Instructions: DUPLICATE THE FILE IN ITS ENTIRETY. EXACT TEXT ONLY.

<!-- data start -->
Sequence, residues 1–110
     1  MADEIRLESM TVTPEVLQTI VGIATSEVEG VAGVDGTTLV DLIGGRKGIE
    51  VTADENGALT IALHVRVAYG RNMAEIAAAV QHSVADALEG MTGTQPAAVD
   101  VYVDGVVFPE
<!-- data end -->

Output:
Sequence, residues 1–110
     1  MADEIRLESM TVTPEVLQTI VGIATSEVEG VAGVDGTTLV DLIGGRKGIE
    51  VTADENGALT IALHVRVAYG RNMAEIAAAV QHSVADALEG MTGTQPAAVD
   101  VYVDGVVFPE